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Re: -rpath with libtool and Debian Linux

On Wed, Jan 27, 1999 at 05:53:12PM -0200, Alexandre Oliva wrote:

> > I'm sorry, but this is IMHO completely backwards. On Linux systems, there is
> > nothing wrong with moving libraries around as the need arises.
> Except that you risk replacing a library with an incompatible one.
> That's what has caused you so much trouble.  If, instead of moving the 
> X11 libraries to another dir and creating new, incompatible versions
> under the same pathname, you had created new versions in other
> directories, no unexpected crashes would have occurred.

OK, let's assume for a moment that we cripple Debian by ignoring the FHS in
this instance.  Not all Linux distributions will make this choice.  So
somebody on some other distribution compiles things with the pathname
hard-coded in.  On his system, it is /usr/X11R6/lib for libraries.  But his
program will not work on Debian, because we would have listened to you and
moved our current libraries to a nonstandard location.

If people use -rpath like you reccommend, the consequences are that
virtually all commercial Linux apps would be unusable on Debian.  That
virtually all Linux binaries would be unusable on Debian.

I frankly am not going to accept this, and I fail to see why you think that
we ought to cripple our distribution so badly simply because you are
unwilling to add a simple command-line option to libtool to fix this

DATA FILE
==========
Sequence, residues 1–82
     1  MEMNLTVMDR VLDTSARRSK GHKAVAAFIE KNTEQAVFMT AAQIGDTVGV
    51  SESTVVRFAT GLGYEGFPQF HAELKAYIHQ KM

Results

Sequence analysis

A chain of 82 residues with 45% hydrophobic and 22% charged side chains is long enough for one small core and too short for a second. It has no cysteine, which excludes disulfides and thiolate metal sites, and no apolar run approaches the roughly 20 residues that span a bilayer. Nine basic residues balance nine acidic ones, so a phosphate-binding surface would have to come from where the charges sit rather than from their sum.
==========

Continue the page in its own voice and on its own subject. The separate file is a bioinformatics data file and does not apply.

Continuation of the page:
> and the program will be able to find the library at that point.  If
> you move the library and replace it with an incompatible one, you're
> breaking the contract and the versioning mechanism, so you can't blame
> the program for crashing, nor the tool that created the program.

You're missing the point (I think; to which versioning mechanism are you
referring?).  It's the same version of the library, designed to be linked
with different versions of other libraries.

We can have libncurses3.4 designed to be linked with libc5 or one for libc6.

> > The X example also shows that the problem isn't limited to /usr/lib either.
> > What's next? /usr/local/lib/libc6 ?
> Maybe some library versioning mechanism that allows incompatible
> changes to be marked as such.  Maybe an environment variable or some

Ahh, so first you say that we must not take advantage of our unique
features, and now you suggest we add more?  Will you condemn us for adding
these features now?

> You see the regular case as the one you use the most.  I see it as the 
> one I use the most.  I don't install any packages in /usr or
> /usr/local because I find it *horrible* to have a huge /usr/local/bin
> without any clear separation between packages.  It's a pity that the
> GNU/Linux distributions don't care about clearly separating packages
> from one another...

Five points about that:

#1.  Your comments show a fundamental lack of understanding about filesystem
layout in Unix, the FSSTND, and the FHS.

#2.  Debian does not install packages in /usr/local/bin.

#3.  Debian does not install all binaries in /usr/bin.

#4.  Ever heard of 'which'?  'locate'? 

#5.  You can easily ask a Debian system for information about which
     files a package provides, or which package provides a given file.

> Because you break a contract every time you remove a library from the
> place in which it used to live.

The 'contract' never should have cared about its location in the first
place.  The OS, through mechanisms like /etc/ld.so.conf, HAS THE RIGHT to
move it.  By assuming that it does not, YOU are breaking that contract.

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